Wednesday, December 15, 2010
Paper, Parchment, and Process
A few weeks ago, I posted an article about writing implements, and to follow up on that, today I’m talking about paper—old and new. Paper has been manufactured since the middle of the eighth century, when the Arabs learned the skill from the Chinese. During the ninth century, Greeks used it, and later, in the late eleventh century, the technique was practiced in Muslim Spain. Later, paper making came to Italy and the Mediterranean, where merchants and notaries kept records of transactions. Paper making spread northward, to England, and by the middle of the sixteenth century, the industry was a prominent part of European economies, although parchment (from animal skins) was still being used.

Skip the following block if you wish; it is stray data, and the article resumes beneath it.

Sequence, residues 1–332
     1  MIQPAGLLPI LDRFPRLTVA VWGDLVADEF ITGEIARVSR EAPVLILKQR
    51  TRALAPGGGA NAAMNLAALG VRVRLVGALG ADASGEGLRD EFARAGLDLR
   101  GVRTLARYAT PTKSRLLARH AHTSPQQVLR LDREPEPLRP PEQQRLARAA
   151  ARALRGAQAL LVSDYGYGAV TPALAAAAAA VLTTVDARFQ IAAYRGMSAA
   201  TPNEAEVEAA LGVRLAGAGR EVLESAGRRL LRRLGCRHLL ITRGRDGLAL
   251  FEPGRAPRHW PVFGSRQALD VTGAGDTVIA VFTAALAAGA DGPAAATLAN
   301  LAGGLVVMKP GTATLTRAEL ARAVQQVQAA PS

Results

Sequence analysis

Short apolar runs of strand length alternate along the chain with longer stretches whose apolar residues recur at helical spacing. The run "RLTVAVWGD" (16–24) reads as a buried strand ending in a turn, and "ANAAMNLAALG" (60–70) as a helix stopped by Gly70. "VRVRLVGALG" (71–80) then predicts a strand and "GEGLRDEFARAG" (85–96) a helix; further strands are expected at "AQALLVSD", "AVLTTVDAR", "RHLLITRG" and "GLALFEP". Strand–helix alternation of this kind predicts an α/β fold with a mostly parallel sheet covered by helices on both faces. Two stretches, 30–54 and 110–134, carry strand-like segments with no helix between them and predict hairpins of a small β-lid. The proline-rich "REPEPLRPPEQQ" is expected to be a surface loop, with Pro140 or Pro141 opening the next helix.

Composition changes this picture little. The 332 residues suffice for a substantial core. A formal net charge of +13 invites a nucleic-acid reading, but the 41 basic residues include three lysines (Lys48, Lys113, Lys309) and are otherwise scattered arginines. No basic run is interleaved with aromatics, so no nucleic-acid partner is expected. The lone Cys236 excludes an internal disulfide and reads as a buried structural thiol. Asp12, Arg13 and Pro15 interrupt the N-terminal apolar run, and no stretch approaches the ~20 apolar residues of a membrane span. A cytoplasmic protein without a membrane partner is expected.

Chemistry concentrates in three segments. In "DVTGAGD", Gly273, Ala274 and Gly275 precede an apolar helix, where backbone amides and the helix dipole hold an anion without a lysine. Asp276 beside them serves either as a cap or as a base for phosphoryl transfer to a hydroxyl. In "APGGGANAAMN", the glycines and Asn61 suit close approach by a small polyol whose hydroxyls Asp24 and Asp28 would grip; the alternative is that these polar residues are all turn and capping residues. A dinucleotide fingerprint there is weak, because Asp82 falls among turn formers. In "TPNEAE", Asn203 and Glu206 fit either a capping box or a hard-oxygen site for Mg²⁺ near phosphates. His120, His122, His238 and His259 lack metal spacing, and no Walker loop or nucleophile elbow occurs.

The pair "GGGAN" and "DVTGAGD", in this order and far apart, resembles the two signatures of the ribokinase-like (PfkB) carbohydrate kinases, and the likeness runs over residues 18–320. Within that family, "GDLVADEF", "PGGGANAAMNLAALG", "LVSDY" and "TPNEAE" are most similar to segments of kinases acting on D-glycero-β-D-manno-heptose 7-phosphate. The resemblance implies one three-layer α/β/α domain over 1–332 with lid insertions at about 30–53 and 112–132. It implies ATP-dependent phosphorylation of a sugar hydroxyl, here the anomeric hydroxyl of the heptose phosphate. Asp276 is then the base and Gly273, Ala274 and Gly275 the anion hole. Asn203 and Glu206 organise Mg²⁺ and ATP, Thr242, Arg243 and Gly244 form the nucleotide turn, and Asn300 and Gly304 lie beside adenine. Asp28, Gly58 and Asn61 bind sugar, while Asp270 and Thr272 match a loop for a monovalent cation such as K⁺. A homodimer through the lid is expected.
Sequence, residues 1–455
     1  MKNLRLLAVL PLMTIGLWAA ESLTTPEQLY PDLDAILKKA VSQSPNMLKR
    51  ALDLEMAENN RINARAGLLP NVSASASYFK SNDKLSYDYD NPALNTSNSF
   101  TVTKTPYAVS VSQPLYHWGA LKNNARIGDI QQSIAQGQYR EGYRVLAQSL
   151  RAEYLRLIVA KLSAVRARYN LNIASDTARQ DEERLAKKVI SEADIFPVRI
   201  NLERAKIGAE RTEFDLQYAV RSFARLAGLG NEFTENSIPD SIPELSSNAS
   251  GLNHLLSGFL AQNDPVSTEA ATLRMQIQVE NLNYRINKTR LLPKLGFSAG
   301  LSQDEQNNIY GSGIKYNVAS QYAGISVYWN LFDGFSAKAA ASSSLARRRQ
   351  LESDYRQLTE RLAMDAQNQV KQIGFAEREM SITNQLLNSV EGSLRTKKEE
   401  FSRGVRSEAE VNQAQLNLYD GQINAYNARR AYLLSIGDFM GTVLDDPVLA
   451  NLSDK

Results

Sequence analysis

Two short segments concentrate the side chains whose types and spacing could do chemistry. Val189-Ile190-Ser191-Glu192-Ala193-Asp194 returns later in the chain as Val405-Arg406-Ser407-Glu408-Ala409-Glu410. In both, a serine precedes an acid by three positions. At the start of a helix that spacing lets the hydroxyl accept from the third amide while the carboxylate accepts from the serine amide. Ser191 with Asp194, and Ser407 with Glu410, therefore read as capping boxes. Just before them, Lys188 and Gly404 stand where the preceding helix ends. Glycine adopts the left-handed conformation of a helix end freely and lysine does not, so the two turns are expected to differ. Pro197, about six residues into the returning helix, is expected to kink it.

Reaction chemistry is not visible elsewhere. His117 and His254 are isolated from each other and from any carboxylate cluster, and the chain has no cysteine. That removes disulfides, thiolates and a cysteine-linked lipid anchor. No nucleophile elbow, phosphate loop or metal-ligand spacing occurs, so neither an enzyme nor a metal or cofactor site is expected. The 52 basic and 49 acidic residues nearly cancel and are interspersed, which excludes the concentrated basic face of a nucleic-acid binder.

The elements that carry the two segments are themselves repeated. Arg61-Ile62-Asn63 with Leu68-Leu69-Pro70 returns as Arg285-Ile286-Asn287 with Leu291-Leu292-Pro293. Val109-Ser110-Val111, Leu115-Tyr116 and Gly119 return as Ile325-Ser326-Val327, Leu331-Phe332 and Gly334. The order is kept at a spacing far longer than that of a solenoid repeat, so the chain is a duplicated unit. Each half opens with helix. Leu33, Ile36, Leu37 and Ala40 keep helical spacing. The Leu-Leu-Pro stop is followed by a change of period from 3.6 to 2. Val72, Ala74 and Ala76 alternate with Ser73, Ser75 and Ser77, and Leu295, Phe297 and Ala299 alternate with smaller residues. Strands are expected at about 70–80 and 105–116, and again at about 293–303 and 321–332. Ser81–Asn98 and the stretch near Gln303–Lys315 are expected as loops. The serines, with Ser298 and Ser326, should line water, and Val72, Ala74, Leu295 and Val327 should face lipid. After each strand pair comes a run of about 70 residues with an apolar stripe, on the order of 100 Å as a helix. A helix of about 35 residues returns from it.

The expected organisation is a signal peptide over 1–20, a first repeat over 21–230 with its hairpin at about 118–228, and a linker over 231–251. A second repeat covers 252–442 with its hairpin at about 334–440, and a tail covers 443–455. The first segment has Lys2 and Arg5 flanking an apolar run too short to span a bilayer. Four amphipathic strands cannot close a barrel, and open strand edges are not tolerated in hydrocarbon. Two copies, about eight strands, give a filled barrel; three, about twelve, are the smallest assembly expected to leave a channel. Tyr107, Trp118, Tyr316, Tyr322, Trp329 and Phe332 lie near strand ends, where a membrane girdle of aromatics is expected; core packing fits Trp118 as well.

Paper was usually made from cotton or linen rags, except in the Orient, where they often used silk. The rags were soaked and pounded to a pulp, after which they went into a vat with a solution of water and size. A wooden frame strung with wires was dipped into the mixture and agitated until the fibers fused to form a sheet of paper. This was then placed between sheets of blotting paper and pressed. It could then be trimmed or left with a rough edge. Paper frames often incorporated wire devices (in the form of designs or monograms), which left an image (watermark). Is it any wonder paper was an expensive commodity, made in such a painstaking and time-consuming process?
Early paper was quite resilient, but after books began to be produced, wood was used for making paper, adding an acidity which causes pages to turn brown and eventually to crumble away, making preservation difficult. Now that we have acid-free paper, the pages of a book frequently outlast the bindings.